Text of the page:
Elisabeth Kleppa and colleagues at the University of Bergen in Norway analyzed data on work hours from a larger study of Norwegian men and women. The researchers used a standard screening questionnaire to assess symptoms of anxiety and depression. Scores were compared for 1,350 workers who worked overtime, 41 to 100 hours per week; and approximately 9,000 workers who worked 40 hours or less.
While previous studies have raised possible health and safety concerns of working long hours, most have focused on the health effects of shift work rather than overtime. This new research shows that working overtime is associated with higher anxiety and depression scores among both men and women.
The rate of questionnaire scores indicating "possible" depression increased from about nine percent for men with normal work hours to 12.5 percent for those who worked overtime. For women, the rate of possible depression increased from seven to 11 percent. In both sexes, rates of possible anxiety and depression were higher among workers with lower incomes and for less-skilled workers.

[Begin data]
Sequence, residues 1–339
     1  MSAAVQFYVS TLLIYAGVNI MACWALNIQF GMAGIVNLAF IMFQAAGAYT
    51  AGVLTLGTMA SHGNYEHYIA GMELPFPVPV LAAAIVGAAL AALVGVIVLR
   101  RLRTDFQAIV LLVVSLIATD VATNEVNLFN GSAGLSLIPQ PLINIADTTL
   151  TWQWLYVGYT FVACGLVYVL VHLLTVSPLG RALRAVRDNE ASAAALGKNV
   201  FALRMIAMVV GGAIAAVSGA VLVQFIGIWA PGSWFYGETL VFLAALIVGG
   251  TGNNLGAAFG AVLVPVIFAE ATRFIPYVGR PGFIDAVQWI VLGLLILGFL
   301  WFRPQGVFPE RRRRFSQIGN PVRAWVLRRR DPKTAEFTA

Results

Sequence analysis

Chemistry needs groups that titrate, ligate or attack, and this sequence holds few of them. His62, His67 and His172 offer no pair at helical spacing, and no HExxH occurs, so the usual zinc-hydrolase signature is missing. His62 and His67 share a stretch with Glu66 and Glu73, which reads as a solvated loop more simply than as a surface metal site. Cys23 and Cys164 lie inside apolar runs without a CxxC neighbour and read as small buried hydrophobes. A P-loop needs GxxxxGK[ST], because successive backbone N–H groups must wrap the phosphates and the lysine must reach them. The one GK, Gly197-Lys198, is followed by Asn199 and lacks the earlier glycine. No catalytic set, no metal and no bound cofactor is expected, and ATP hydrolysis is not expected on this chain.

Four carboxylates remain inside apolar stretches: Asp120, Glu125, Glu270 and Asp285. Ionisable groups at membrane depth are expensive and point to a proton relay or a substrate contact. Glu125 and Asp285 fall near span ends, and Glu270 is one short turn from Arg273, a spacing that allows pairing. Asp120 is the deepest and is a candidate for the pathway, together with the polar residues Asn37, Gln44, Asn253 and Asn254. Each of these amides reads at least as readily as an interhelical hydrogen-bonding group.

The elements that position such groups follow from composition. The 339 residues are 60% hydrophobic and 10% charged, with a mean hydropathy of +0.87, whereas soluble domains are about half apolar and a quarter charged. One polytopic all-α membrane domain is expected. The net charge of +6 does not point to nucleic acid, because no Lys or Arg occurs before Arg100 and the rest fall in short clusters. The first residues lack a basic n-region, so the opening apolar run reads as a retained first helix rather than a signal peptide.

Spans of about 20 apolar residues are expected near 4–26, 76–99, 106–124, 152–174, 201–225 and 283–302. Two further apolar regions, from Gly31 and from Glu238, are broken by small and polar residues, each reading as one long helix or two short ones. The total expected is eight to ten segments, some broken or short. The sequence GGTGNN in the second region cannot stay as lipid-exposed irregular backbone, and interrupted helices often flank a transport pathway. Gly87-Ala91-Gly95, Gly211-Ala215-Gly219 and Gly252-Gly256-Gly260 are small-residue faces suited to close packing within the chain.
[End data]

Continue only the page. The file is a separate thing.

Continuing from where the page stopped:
The relationship between overtime and anxiety/depression was strongest among men who worked the most overtime – 49 to 100 hours per week. Men working such long hours also had higher rates of heavy manual labor and shift work and lower levels of work skills and education. The authors added, however, that even those who work moderate overtime hours face an increased risk of “mental distress.”
The study permits no conclusions about how working long hours leads to increased anxiety and depression. The authors note that working overtime leads to increased "wear and tear," or that individuals with characteristics predisposing to anxiety and depression (such as limited education and job skills) are more likely to take jobs requiring long work hours.